Jamie Dimon

  • 13 Dec 2012 at 5:43 PM

This Is America, Last Time Jamie Dimon Checked

Jamie Dimon, the CEO of the country’s largest bank by assets, says that regulating Wall Street pay could put us on the road to communism. “We all want an equitable society. We need to have a conversation about what makes it equitable,” the JPMorgan Chase CEO said at The New York Times DealBook conference on Wednesday. “You can go do it the way that Cuba tried. Okay, well, then it will be equitable, but everyone won’t have much.” “If you don’t want a free society, then start dictating what compensation can be,” he added. [HuffPo via Counterparties]

“We are one decision away from restoring our fiscal and moral authority from around the world,” Dimon said today. “Let’s just do it.” [Dealbook]

  • 19 Nov 2012 at 5:51 PM

New JPMorgan CFO Is A Female Jamie Dimon, Says Person

J.P. Morgan named finance executive Marianne Lake to succeed Douglas Braunstein as chief financial officer of the largest U.S. bank. The appointment makes Ms. Lake one of the most powerful women on Wall Street as the New York company shuffles its leadership and recovers from a massive trading loss. The 43-year-old Ms. Lake currently is chief financial officer for the bank’s consumer unit. J.P. Morgan said that Mr. Braunstein will become a vice chairman of the company following Ms. Lake’s transition to the CFO position in first quarter 2013…Ms. Lake is known within the company as smart and assertive in the style of Mr. Dimon. “She talks so fast because she knows her numbers so well,” said a person close to the bank.  [WSJ]

JPMorgan Chase Chief Executive Jamie Dimon said his company has lost up to $10 billion as a result of the government asking him to buy teetering Wall Street firm Bear Stearns during the financial crisis. “Someone said the Fed did us a favor to finance some of this or something like that. No no no. We did them a favor,” Dimon said, speaking at a Council on Foreign Relations event. “I’m going to say we’ve lost $5 billion to $10 billion on various things related to Bear Stearns now. And yes, I put it in the unfair category,” the CEO added. [CNBC]

Dimon recalls that when he e-mailed his senior executives, back in 2010, first proposing the JPMorgan Chase bus tour, which is designed to demonstrate to clients, employees, and important people around the country that the bank is a force for good in the world. But, as in almost everything related to JPMorgan, Dimon prevailed. “That’s bullshit. We have to live our lives and do the right thing,” he told them…At stop after stop, the executives emerged from their bus cocoon into what they called “the Tunnel of Love,” where employees surrounded them for hugs, fist pumps, and high fives. [VF]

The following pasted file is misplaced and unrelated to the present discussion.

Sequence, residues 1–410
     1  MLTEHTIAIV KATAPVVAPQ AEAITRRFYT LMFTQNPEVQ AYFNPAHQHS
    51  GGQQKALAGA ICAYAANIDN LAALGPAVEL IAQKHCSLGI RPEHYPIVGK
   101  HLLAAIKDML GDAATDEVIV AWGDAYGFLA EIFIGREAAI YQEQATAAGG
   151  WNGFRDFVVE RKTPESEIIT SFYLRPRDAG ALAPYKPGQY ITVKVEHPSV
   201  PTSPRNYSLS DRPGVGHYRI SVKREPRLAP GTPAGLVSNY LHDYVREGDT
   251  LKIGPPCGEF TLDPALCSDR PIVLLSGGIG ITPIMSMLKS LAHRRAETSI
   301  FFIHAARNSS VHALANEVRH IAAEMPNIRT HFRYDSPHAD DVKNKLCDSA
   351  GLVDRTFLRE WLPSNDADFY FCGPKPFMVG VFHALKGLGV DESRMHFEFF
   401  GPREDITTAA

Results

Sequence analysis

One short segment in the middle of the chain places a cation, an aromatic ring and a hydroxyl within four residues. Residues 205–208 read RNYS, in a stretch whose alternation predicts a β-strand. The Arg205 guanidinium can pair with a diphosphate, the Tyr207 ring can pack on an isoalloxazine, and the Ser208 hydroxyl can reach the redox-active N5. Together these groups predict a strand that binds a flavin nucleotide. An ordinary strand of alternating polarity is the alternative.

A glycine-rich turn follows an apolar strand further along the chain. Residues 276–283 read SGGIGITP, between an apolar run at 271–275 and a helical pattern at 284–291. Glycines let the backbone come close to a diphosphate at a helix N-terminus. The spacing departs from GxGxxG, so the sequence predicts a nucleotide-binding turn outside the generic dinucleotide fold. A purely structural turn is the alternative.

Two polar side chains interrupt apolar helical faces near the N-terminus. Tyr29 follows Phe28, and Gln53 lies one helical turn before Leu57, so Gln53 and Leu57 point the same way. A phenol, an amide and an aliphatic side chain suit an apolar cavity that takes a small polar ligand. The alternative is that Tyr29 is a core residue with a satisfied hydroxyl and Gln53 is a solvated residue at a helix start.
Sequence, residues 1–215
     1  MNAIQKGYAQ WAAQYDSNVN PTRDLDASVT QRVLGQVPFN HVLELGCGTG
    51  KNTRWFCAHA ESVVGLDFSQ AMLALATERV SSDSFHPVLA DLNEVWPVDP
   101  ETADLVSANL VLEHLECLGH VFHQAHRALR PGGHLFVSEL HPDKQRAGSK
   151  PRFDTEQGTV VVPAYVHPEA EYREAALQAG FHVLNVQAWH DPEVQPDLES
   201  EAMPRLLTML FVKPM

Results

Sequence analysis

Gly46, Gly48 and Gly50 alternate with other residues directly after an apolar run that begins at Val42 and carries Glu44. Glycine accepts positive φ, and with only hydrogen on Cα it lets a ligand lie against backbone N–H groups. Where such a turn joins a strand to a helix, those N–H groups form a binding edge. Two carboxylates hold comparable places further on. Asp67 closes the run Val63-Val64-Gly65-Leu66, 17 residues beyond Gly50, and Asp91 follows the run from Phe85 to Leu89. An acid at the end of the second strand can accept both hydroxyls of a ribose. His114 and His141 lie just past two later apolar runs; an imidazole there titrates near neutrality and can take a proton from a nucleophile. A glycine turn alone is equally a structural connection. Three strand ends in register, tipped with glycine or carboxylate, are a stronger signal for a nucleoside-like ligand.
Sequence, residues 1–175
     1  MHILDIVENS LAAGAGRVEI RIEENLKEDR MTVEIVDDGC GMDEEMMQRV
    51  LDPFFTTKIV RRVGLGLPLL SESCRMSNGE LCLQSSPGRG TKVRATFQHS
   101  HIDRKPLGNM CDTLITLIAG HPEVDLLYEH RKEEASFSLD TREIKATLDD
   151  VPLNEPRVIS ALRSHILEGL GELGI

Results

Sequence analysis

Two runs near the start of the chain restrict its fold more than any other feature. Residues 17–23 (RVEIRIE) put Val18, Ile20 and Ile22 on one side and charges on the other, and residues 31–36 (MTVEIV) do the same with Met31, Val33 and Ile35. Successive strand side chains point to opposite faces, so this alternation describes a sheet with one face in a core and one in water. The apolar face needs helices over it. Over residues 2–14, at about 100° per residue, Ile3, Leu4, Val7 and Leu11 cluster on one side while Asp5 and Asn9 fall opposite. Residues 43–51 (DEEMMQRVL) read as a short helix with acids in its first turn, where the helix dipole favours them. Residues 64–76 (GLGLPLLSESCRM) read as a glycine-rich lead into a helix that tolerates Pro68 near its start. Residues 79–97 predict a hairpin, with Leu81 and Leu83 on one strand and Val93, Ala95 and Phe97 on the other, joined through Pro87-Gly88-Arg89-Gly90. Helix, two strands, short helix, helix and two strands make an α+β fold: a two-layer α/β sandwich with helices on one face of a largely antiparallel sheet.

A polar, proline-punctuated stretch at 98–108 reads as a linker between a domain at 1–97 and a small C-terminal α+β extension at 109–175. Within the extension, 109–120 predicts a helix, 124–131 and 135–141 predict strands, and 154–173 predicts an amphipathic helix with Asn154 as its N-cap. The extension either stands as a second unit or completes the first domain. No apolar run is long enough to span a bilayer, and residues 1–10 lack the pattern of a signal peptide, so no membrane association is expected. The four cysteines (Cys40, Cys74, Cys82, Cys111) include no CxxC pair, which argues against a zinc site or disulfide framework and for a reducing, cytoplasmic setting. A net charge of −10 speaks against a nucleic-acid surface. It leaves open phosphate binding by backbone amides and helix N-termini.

As you may have heard, Summer 2012 was not the best of times for JPMorgan CEO Jamie Dimon. On May 10, after having said that a Bloomberg story about one of its London traders making very large, very worrisome bets was but “a tempest in a teapot,” the bank announced that said trader had lost approximately $2 billion. On May 11, it was suggested that Dimon’s title of most-loved banker on Wall Street was up for grabs. On June 19, Dimon was forced to testify on Capitol Hill. On July 13, JPMorgan revised the $2 billion loss to $6 billion. Associates who surrounded Dimon during these days said that the stress was visibly wearing on him, and that it was arguably one of the worst periods of his career. And while senior executives logged long hours and gave up weekends and holidays to help deal with the fallout, gathering documents and unwinding trades and trying to manage the crisis, only one busted his ass to actually give Jamie Dimon what he needed: Jimmy Lee. Read more »

Jamie Dimon, the outspoken chief executive of JPMorgan Chase, sat down on Tuesday for what banking analysts called a “fireside chat” during the Barclays 2012 Global Financial Services Conference. Known for his hands-on management style and confident swagger, Mr. Dimon has been navigating the fallout from a rare misstep in his career after JPMorgan announced a multibillion-dollar loss on a complex credit bet at its chief investment office unit. During a question-and-answer session with Jason Goldberg, a Barclays analyst, Mr. Dimon responded to questions about things like his stance on the mounting turmoil in Europe and regulatory changes, in particular the Volcker Rule, which restricts banks from trading with their own money. Mr. Goldberg started by asking Mr. Dimon about the rationale behind shaking up the upper echelons of JPMorgan’s executive suite in July. “It had nothing to do with the chief investment office,” Mr. Dimon said. He added that “there is nothing mystical, folks,” because the moves enabled greater cross-selling. “Cross-selling is a big deal, and we do an exceptionally good job,” he said…Tackling the issue of whether the big banks should be broken up, Mr. Goldberg asked Mr. Dimon about recent calls to break up the major banks. “There are huge benefits to size,” Mr. Dimon said. He noted that JPMorgan’s size allowed it to be “a port in the storm” during the market turmoil of 2008. “Big banks have a function in society.” The United States, he added, has the “best, widest, deepest and most transparent capital markets in the world.” Cautioning against needless reform, Mr. Dimon said, “Let’s make sure we keep that before we do a bunch of stupid stuff that destroys that.“ [Dealbook]